Crow's nest from HMS Discovery (purchased 1874)

Crow's nest from HMS Discovery (purchased 1874), used on the British Arctic Expedition 1875-76. Constructed like a wooden barrel secured by iron hoops and fastened to part of the mast with an iron band. It has a canvas cover over the top and a trapdoor and rope ladder below.

At the bottom of barrel, just above the iron rim is a painted black shield with a gold painted border and gold writing that states 'Crows Nest For / Look out man. / Used on board / "H. M. S. Discovery" / Arctic Expedition / (Captain George S. Nares) / 1875-1876'.

Below this is a rectangular black sign with a gold border and lettering that states ' "There's a sweet little cherub / that sits aloft and looks out / for the life of poor Jack" / Dibden' This is mis-quote from 'Poor Jack'', a much longer poem by Charles Dibden (1745-1814). The actual quote is 'There’s a sweet little cherub that sits up aloft, To keep watch for the life of poor Jack!'.

The crow's nest was attached to the main mast and used as a look out to guide the ships Discovery and Alert were as they navigating through the ice-strewn channel between Greenland and the Canadian Archipelago, and Ellesmere Island.

The 'as fitted' plan of the sails for Discovery include an explanation of the crow's nest:
'The Nest is circular and is 5ft in length, 2ft 7ins in diameter at the middle and 2ft 3ins in at the ends. it is made of Yellow Pine 5/8 inch in thickness, and is bound together by 4 iron hoops, 2 inches in width, In the bottom of the Nest , a trap door is fitted, and is opened on the outside for entry into the nest, and shut after entry to form a platform to stand upon.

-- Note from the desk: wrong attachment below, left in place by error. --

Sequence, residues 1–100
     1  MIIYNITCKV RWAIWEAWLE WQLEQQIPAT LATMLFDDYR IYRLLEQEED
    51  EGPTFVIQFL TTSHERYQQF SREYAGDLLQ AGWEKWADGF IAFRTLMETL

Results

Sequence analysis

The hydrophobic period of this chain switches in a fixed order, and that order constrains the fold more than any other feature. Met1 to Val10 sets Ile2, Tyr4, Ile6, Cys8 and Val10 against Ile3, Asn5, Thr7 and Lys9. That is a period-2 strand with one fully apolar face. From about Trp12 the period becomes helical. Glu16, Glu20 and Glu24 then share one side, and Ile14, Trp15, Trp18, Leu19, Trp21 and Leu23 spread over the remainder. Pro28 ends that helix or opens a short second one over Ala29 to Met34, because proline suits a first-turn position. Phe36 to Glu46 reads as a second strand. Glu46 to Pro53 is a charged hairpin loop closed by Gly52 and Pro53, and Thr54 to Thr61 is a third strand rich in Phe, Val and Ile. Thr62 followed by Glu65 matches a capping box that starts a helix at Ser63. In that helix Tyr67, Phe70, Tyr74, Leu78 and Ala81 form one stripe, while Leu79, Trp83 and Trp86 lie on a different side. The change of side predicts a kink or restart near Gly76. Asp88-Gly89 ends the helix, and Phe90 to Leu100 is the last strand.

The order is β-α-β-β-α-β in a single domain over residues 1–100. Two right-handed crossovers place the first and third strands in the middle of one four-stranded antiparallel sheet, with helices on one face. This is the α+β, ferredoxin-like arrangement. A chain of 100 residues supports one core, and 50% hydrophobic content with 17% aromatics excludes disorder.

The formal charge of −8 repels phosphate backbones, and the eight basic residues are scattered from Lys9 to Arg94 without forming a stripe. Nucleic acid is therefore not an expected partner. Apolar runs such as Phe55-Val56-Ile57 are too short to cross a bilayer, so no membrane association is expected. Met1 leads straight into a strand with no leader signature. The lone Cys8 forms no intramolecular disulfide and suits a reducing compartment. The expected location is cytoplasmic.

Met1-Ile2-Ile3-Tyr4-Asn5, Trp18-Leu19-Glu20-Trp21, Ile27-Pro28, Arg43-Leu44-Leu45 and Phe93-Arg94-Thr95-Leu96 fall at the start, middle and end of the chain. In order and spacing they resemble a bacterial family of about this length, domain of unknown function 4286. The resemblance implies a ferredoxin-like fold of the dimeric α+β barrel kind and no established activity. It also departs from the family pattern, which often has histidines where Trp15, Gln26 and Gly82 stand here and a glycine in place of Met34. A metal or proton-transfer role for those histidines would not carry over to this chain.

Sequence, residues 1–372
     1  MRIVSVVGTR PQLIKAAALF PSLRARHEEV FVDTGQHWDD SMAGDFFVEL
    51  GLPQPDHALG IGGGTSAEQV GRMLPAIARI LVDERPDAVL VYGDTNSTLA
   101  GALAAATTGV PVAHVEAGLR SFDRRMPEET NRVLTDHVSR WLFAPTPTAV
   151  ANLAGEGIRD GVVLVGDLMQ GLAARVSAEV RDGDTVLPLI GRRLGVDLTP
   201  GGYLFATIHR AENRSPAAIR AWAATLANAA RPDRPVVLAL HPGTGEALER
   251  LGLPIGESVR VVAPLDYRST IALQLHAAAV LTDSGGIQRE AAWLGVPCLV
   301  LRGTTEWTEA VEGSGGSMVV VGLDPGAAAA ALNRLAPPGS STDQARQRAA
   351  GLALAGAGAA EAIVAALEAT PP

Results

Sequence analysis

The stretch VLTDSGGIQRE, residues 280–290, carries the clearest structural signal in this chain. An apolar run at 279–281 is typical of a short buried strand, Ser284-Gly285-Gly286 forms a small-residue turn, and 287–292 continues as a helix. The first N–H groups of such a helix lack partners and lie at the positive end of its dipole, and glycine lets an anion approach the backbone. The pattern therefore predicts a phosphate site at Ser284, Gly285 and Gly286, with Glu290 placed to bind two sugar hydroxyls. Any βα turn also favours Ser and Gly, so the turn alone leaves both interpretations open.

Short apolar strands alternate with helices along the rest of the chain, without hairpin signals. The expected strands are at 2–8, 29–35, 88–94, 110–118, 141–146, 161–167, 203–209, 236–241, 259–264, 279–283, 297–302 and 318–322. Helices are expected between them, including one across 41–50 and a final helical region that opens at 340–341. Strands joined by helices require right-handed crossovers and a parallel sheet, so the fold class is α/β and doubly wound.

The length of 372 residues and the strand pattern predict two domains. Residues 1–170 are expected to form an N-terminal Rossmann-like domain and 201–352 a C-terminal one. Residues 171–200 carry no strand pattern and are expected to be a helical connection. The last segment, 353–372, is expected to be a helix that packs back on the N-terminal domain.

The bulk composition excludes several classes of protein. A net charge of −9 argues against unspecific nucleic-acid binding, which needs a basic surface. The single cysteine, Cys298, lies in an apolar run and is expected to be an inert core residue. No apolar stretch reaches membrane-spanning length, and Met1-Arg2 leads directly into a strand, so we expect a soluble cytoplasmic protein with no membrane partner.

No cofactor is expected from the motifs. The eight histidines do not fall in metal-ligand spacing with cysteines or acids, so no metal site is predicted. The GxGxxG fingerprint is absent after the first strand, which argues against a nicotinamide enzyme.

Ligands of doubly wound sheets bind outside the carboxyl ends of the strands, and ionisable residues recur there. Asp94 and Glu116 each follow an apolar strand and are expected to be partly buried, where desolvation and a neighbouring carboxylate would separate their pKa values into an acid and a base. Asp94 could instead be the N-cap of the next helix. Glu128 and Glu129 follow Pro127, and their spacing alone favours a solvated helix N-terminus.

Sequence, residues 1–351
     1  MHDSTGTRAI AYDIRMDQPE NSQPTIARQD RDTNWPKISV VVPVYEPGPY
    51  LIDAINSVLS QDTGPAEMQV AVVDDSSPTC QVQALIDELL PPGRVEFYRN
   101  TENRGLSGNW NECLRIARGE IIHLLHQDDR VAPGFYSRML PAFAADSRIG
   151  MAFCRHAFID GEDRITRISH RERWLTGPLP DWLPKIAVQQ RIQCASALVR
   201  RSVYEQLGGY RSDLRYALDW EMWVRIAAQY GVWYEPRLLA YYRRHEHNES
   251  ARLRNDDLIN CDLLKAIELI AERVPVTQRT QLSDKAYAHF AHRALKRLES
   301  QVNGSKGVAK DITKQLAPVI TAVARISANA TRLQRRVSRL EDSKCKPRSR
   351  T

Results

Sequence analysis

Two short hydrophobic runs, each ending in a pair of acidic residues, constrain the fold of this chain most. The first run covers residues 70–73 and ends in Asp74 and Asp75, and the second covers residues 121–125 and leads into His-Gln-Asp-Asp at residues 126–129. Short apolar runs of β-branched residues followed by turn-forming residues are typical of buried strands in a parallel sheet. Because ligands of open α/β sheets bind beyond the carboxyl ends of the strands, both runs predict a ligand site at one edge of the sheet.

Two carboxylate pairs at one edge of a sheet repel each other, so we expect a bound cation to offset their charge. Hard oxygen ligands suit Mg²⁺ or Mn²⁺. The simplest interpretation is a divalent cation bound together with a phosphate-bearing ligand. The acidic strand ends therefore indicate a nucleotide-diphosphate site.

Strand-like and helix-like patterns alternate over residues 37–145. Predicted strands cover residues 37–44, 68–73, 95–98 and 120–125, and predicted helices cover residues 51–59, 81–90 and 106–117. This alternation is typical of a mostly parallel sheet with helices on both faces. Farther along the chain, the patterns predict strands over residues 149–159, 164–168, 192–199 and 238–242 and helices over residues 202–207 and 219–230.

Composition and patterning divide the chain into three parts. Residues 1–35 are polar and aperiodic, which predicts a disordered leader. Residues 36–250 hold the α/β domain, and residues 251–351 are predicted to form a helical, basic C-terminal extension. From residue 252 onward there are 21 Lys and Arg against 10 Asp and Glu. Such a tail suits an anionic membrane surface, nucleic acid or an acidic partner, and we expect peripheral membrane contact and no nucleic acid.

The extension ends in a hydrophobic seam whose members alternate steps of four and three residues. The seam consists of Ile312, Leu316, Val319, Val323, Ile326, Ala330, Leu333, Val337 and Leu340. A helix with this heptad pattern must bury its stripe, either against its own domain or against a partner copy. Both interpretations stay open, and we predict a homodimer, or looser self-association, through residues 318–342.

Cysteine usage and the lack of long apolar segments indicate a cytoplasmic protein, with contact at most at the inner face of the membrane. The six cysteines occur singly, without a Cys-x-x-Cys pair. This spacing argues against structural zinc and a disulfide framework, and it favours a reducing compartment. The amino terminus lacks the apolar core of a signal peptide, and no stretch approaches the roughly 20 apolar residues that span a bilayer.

A hood 16 inches deep, made of canvas is fitted over the top of the nest, and is made to revolve on a spindle let into an iron rod on the top of the nest, and one half of the hood is made so as to be raised or lowered.
A seat 10 inches wide and 1 1/4 inch thick is fitted in the nest on the side opposite the mast, also two small steps one on each side of the seat, to stand upon and look over the side of the nest.
The nest is supported at the mast head by the bottom resting upon an iron rim plate bolted to the jack, and by two screw bolts passing through the plate and bottom of the nest and fastened with nuts on the inside. The upper part is secured by an iron hook fixed on one of the binding hoops (the second from the top) being let into tan eye fixed to a clasp round the mast.'

Object Details

ID: AAA4312
Collection: Polar Equipment and Relics
Type: Crow's Nest
Display location: Display - Polar Worlds Gallery
Events: Arctic Exploration: North Pole expedition, Nares, 1875-1876
Vessels: Discovery (1873)
Date made: 1874; 1875
Credit: National Maritime Museum, Greenwich, London.
Measurements: Overall: 1880 mm x 85 kg; Diameter: 660 mm; Weight: 79 kg
Parts: Crow's nest from HMS Discovery (purchased 1874)

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